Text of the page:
A letter to a client


This is part of a letter I wrote to a client and friend last night that I thought a few of you might benefit from. It concerns writing in the fantasy genre and how one ought to maneuver in order to find success.

**

I was thinking about your project this evening and came to a question that should have an answer: What does your project say that your audience needs and wants to hear? The closest answer is a given, that you speak to a child’s sense of wonder. However, that’s genre-broad and won’t on its own seize a publishing deal, no matter how successfully you fulfill that objective. The fantasy genre is so flooded with books that in order to succeed one much find a niche, much like an sponge grabbing onto a crevice in the ocean floor. Otherwise any book is just a floating homeless thing waiting for an opportunity to root, which necessarily comes before flourishing.

Take the Harry Potter series, which I know you like, as a case study. The popularity of the series did not start with the first book nor the second. Both were fairly run-of-the-mill stories that were lucky to find a publisher; they had symptoms of something larger, such as Harry’s distrust of authority via Snape, but the driving force of the series was wholly undeveloped and ephemeral.

The third book held the foundations for what really made the series work later on. Larger branches of authority than school administrators were offered; real-world weight became attached to the consequences of Harry’s failure or success. The Prizoner of Azkaban stepped beyond the scope of the schoolyard into the world at large, and a fairly metropolitan world at that, offering students what they so long for in an age whose marketing and art are so overly focused on them: importance and a place in the world’s troubles. Children can sense, in my opinion, that the world is shrinking before them, and even if they can’t, it’s certainly a message that their parents would want them to hear.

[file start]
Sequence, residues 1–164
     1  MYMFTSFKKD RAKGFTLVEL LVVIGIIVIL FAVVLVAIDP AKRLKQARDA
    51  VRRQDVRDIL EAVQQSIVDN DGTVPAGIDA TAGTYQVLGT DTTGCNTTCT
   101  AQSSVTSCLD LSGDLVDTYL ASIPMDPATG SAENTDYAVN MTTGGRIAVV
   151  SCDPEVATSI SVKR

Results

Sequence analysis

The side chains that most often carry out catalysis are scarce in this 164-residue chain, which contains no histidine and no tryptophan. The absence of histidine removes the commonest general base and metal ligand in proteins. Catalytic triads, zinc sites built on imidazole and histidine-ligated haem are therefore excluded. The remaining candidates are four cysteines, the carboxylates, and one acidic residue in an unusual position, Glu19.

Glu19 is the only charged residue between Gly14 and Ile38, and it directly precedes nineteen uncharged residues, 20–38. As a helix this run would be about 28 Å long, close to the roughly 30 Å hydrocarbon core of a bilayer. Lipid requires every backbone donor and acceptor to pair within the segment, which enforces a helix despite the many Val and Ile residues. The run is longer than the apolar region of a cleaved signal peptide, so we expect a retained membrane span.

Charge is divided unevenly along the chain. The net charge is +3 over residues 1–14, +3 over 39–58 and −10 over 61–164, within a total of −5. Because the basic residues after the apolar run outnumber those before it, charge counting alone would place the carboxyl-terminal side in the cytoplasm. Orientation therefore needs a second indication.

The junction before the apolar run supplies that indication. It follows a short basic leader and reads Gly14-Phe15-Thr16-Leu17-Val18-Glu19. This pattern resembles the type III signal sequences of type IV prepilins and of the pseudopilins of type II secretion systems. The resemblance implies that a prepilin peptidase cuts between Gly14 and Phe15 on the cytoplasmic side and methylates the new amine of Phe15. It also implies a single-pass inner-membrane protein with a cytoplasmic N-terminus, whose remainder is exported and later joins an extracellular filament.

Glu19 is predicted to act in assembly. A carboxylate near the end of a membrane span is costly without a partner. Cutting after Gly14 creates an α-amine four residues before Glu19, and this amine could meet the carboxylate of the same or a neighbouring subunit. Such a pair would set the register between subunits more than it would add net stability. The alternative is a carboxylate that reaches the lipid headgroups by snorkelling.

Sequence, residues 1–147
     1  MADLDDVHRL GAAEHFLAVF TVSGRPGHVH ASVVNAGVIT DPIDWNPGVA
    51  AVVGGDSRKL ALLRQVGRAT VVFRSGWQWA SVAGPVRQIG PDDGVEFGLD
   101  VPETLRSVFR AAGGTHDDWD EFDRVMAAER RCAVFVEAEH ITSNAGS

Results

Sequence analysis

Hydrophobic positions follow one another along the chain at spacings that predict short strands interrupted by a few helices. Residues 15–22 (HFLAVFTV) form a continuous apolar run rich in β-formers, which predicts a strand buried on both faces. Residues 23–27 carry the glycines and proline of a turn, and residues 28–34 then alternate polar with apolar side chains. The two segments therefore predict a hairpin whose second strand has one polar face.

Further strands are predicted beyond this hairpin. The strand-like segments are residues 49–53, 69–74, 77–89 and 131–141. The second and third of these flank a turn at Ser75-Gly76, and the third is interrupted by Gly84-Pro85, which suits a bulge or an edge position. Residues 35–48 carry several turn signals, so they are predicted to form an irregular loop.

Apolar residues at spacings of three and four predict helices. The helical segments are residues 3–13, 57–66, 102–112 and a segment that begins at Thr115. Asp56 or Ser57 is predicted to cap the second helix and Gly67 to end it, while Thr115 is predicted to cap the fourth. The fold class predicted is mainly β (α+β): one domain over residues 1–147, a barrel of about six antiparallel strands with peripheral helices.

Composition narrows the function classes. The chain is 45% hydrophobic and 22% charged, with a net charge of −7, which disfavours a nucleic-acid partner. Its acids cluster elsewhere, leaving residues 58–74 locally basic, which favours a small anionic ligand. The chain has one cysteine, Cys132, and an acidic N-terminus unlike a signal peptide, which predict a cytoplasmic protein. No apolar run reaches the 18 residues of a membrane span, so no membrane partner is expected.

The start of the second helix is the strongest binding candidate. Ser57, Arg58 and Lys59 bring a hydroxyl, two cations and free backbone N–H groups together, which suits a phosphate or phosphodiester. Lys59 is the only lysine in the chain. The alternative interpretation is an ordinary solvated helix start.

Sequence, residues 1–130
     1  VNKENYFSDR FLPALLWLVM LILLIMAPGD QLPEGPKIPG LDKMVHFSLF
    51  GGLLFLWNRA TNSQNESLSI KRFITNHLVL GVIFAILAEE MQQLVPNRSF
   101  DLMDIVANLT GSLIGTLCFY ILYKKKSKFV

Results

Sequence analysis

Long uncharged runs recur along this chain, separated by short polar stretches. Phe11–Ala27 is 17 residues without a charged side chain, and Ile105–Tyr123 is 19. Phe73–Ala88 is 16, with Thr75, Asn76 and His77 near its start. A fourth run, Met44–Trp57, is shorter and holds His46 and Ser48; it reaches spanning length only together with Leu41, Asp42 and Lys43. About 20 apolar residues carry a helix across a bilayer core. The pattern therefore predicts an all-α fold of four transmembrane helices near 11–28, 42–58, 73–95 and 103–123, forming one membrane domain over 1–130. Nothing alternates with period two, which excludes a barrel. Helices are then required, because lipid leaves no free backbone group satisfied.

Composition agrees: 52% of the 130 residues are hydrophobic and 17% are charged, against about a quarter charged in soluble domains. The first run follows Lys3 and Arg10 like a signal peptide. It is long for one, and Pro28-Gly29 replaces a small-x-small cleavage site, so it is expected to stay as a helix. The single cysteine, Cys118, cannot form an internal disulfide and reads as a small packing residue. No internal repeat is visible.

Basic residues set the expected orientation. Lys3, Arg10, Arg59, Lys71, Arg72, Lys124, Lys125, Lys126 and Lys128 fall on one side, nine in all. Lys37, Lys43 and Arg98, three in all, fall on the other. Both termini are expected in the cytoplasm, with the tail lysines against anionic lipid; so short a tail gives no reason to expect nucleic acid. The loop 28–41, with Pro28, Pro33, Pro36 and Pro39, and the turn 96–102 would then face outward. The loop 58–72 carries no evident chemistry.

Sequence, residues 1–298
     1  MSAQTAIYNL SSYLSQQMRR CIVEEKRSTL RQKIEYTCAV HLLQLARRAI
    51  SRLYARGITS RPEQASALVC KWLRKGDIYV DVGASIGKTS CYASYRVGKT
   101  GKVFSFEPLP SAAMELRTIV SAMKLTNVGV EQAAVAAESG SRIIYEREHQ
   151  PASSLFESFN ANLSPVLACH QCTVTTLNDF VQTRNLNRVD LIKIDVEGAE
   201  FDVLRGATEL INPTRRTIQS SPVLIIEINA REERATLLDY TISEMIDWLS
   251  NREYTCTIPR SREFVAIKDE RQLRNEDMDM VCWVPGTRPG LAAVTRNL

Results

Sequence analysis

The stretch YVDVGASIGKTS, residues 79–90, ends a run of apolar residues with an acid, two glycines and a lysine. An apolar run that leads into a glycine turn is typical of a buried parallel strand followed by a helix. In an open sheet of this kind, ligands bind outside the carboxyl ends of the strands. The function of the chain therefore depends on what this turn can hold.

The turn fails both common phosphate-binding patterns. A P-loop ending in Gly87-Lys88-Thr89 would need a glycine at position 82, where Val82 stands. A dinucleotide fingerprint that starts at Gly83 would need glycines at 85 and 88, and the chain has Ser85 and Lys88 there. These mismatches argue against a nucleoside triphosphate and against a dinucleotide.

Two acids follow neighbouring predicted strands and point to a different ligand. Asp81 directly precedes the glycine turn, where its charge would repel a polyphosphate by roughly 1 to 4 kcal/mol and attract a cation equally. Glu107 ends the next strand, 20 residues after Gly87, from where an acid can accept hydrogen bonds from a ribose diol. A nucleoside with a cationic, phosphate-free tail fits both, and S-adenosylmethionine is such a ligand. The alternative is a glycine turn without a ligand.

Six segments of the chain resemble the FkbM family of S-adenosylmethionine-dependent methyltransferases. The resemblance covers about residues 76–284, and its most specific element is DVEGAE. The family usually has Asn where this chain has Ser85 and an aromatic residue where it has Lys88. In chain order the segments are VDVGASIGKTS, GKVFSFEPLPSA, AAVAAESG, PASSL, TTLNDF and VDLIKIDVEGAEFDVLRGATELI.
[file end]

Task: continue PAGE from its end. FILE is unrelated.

After the development of the Ministry of Magic and the mythology behind the characters, stepping into problems of the culture became the order of the day, such as Hermoine broaching classism (or perhaps slavery, depending on which side of the pond you’re addressing the question to), awkward social dynamics, and tools through which one can challenge authority. That all of these structures were well developed and paralleled feasibly actual-world problems simply heightened the draw of readers of all ages into the story.

The problem is not one of artistry but of thoughtfulness. If you see how your world connects with the real world, you can exploit it in your writing to the delight of your fans; nobody how poorly this is done, your readership will appreciate the effort and the depth.

For another example of this same point, take Terry Goodkind, a favorite of my adolescence (alongside Heinlein and Barnes) whose books have been mentioned as offering one of the best-developed fantasy worlds since Tolkien. To whatever extent that claim may be true (his world, perhaps in the beginning, was seen to a limited extent, but by the fifth book had grown too large and unwieldy), I would argue that his success hinged on his ethical messages inside the text. Indeed, the title of the first book in the series was The Wizard’s First Rule, clearly outlining that the books would focus on a series of rules dictating how one ought to live ones life. This caught my attention easily according to my nature, but I suspect that many adolescent boys just like me clung to the masculine figure of Richard Cypher and the short, too-the-point rules he came into contact with. That this episodic tool failed Goodkind in the end by becoming too demanding and dogmatic seems inevitable in hindsight, but it’s just the sort of depth that the audience will be looking for, hence that an editor will be looking for. It is that well-discussed but seldom hit-upon force called the niche.

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